Since this is actually directed at me, and I was out of town the past few days, and lazy for a couple more on top of that, I'll reply now.
Well, Truthfully all I can say is WOW! Now Whiskey, I appreciate that you enjoy Star Wars and have a passion for it and I agree that it is a good franchise and a good time at the theater.
But what I can't do is say anything good about the Star Wars universe when it comes to physical reality and how it relates to us and our scientific knowledge of the entire environment around us.
Since when have I claimed that Star Wars is scientifically consistent with reality as we understand it? The answer would be NEVER. Following that up, is the fact that analyzing each series empirically requires only Suspension of Disbelief and using basic scientific principles to quantify things. They have FTL, so we conveniently ignore Einstein for analysis of it. Obviously they have it, obviously it works, and obviously the universe doesn't explode from the fact that, as far as modern science is concerned, FTL=time travel.
Point 1. Faster than light travel is impossible (Einstein theorized it), but Star Trek actually tries to explain it with an ACTUAL physicist on staff and how they get around this in a plausible way. Star Wars on the other hand doesn't even try thus making it irrelevant in reality.
I'm going to simply point out that you obviously didn't read Einstein's theory very well, as what little I understand of it indicates that it is impossible to travel at the speed of light, but says nothing about superluminal travel. Conventional wisdom is that FTL is impossible due to the fact that, according to relativity, it would be equivalent to time travel and it might be possible to form universe-breaking paradoxes, which either requires some method to not break the universe or no FTL.
OTOH, a theorized particle, the tachyon, which would be a superluminal-velocity-only particle, is possible under Einstein's relativity.
I'll also point out that in the context of science fiction, it's oftentimes better to let the explanation be tantamount to "a wizard did it" when dealing with such handwavium devices as FTL drives and shields. This is what I rather like about SW; they have no science consultants because they simply don't bother with explaining how stuff works; it works because it does and that's that.
Incidentally, the inverse is true for me as well; I rather dislike Star Trek's incessant, pretentious need to explain how all of their tech works, when it's pretty obvious that it's all tantamount to "a wizard did it". That they hired an actual physicist to devise plausible (IE: not possible but believable) explanations is relatively unimportant.
It's also irrelevant to the purposes of a versus debate.
Point 2. Lasers to Phasers. We know that they are real with slightly different properties but still much more in the realm of sci fi. But the point here is that a laser is a single continuous stream of light that generates massive amounts of heat energy in a single beam of light (FACT). Star Trek does this but Star Wars makes it like a tracer round from a modern rifle, but if that where an ACTUAL laser (energy) once the end energy source is cut off it will dissipate into the surrounding environment.
I'm going to start by saying you simply have no idea what you're talking about when you talk of laser weaponry, and return to this particular point in a moment. I'll further second Zeta's comment that SW lasers aren't RL-lasers. A tank's main gun is called a cannon, except for the fact that a cannon historically fired a cannon-ball, usually with a bursting charge to create lots of shrapnel.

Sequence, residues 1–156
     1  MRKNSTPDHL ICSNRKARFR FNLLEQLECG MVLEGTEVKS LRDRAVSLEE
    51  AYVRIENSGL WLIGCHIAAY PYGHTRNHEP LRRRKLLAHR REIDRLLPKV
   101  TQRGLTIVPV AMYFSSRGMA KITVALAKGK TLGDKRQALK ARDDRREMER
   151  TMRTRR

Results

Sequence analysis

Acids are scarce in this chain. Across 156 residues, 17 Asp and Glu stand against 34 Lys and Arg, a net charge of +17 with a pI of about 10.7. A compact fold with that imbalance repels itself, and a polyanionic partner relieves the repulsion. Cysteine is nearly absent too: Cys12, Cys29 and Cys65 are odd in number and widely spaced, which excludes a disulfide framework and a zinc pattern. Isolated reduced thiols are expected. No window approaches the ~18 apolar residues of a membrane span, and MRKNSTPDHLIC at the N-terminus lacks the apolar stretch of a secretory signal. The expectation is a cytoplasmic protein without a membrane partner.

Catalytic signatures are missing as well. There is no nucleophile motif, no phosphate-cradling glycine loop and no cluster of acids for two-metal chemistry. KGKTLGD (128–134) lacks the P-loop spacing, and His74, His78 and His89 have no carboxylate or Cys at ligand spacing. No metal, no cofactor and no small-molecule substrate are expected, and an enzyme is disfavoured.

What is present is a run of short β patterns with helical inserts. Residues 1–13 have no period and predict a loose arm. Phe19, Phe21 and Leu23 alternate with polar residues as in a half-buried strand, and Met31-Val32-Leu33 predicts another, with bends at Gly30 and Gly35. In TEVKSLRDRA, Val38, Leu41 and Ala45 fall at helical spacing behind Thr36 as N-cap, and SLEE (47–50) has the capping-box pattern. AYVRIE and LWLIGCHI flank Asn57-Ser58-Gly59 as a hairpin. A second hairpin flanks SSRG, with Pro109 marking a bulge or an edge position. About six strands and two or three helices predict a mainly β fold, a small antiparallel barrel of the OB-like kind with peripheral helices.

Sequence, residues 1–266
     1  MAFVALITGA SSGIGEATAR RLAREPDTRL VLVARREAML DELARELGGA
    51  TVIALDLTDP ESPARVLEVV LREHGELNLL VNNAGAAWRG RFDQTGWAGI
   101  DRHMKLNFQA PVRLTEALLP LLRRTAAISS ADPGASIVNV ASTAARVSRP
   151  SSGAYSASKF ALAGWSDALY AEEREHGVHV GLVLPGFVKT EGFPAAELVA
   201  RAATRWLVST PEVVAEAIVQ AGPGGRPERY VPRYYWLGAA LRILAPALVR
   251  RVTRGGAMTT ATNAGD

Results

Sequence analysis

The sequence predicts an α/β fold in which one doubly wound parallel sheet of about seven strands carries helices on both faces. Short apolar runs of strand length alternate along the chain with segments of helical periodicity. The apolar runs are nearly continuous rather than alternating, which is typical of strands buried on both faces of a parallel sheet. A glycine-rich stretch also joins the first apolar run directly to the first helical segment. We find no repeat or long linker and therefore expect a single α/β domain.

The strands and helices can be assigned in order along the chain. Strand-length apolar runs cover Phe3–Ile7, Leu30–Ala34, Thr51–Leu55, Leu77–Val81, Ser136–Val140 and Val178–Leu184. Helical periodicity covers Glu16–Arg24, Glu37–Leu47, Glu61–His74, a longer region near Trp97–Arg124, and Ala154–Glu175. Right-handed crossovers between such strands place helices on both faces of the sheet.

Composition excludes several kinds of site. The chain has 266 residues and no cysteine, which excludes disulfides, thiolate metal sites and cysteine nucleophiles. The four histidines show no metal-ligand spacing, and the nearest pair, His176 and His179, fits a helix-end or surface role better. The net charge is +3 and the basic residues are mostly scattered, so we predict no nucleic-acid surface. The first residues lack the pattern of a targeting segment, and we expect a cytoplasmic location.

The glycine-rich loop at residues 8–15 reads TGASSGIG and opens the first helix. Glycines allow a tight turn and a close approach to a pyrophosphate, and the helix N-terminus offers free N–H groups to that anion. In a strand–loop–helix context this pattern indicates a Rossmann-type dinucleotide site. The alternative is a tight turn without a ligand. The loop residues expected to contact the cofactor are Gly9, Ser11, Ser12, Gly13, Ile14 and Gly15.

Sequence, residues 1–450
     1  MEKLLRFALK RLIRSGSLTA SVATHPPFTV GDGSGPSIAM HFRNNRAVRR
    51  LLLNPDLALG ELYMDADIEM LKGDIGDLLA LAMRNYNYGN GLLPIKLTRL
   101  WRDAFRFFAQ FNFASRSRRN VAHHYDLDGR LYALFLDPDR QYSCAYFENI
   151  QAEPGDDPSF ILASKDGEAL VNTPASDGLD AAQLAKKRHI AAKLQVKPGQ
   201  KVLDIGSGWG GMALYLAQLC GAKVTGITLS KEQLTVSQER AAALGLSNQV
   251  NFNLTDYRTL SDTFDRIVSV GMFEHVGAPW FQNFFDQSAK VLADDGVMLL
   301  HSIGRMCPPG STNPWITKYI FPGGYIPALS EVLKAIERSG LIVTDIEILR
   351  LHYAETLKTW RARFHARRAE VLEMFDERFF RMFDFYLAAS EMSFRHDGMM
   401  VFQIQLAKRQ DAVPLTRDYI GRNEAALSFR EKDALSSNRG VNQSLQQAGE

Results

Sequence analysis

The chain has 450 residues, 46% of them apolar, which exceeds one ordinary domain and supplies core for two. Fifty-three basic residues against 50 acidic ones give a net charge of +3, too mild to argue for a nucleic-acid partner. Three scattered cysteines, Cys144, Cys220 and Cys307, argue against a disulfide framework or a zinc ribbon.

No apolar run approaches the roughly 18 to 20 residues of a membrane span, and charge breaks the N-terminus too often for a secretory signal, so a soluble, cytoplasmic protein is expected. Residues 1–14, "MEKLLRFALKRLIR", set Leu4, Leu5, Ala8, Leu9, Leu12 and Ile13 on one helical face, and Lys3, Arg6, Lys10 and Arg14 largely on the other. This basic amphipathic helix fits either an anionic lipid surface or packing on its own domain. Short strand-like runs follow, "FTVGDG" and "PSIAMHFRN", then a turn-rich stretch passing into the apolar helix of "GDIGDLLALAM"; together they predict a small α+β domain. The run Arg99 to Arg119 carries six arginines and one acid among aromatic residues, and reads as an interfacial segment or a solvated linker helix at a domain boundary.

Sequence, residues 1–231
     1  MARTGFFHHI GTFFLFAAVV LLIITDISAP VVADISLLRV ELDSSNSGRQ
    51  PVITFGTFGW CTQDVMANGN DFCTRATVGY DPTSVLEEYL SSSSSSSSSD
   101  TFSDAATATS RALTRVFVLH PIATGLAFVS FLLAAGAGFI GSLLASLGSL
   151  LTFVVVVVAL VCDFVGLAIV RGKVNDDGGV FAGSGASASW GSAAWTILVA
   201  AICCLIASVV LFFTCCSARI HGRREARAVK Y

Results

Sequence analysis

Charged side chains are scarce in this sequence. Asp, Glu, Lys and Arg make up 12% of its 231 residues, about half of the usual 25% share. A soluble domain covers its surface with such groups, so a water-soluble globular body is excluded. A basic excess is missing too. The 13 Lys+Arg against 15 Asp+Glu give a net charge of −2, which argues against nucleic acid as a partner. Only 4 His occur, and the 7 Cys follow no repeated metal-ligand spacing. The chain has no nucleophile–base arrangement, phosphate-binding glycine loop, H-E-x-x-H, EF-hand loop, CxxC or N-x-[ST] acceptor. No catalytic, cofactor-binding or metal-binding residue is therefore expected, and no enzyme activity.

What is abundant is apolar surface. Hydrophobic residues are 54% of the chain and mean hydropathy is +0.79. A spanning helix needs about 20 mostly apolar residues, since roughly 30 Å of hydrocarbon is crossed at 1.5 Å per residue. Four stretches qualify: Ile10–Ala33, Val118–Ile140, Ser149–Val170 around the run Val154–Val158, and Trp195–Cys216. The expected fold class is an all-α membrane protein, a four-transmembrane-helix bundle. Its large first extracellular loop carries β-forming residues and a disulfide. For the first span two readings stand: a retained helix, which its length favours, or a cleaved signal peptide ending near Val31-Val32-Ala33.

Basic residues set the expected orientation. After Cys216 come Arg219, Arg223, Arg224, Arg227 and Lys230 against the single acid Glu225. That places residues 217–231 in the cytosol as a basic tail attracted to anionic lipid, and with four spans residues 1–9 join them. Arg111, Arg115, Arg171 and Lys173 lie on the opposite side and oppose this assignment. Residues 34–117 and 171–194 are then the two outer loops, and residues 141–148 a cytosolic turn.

A tank's main gun does not fire such munitions.
Before I get back to your misconceptions of laser devices, I'll point out that phasers != lasers, and that phasers are completely fictional weapons. Oh, yeah, and the USS Defiant would like to have a word with you, as it had "tracer-style" phaser cannons.
Now to disabuse you of your silly notions of laser devices. First of, a laser is not invariably a single, continuous-beam device. Such items do exist, and are termed "continuous-beam lasers", or more colloquially, "heat rays". These devices are intended to function somewhat similar to what you describe; they heat up the surface of whatever you're aiming at, whether it's a deuterium/tritium fuel pellet in a fusion chamber or an ICBM.
But that's really a poor laser design for most applications, especially for a weapon. A pulse laser, colloquially termed a "blaster", works much differently in that instead of a single, continuous beam, it delivers multiple, nanosecond-to-microsecond pulses that "drill" through whatever you shoot at. This also means you get messy, ragged, wounds that are somewhat similar to gunshots, as the damage is by mechanical effects rather than thermal. Pulse lasers also benefit from superior material penetration, like armor. Further, if you pulse the laser fast enough, then you get a functionally continuous beam.....just not an actually continuous one.
And, for the coup de grace to your misconceptions on lasers, and laser weapons in particular, I refer you to these pages here. Savvy?
Point 3. George Lucas is a visionary in the motion picture realm and has changed the lives of millions of people with his art! But he is also a raging idiot when it comes to actual science, case in point, Episode 3 with General grievous's ship damaged and going down towards the planet. Now, when you think of space you think of there being no gravity as there is on most planets (like Earth), unless you have gravity technology in place. But in this scene with the ship going down Mr. Lucas thinks that space is a 2D plane that if you were to go down? what is down in space? then you will be walking sideways down an elevator shaft until it's upright! If you have gravity tech on your ship that makes it so you can walk and not fly around your ship while it's in space then you can do any kind of movement in space and it won't affect the people inside!
You're ignoring the fact that the Invisible Hand is still trapped in Coruscant's gravity well. There's also the fact that the gravity tech in SW is equivalent to "a wizard did it"; we have no idea how it works, what happens when it gets broken, that sort of thing. All we know is that it works, except for a few situations.....like when the Invisible Hand began to plummet towards Coruscant before leveling out.
That he is a "raging idiot WRT actual science" is similarly irrelevant to a versus debate or a versus mod for that matter. In an empirically-driven vs debate, you consider the sources to be factual documentation, and ignore authorial intent unless you actually need to consider it.
Now I want to close off because I can go on for a while but needless to say that you can quote from wiki or other user generated info on any genre to try to fill any blanks that may arise but the truth is the ONLY canon that is real in both universes is that of the source material's, ie movies, show's. And most of the movies in Star Wars where from George Lucas's writing and direction where most of Star Trek was from various minds and collaborative efforts to realize one mans vision, Gene Roddenberry.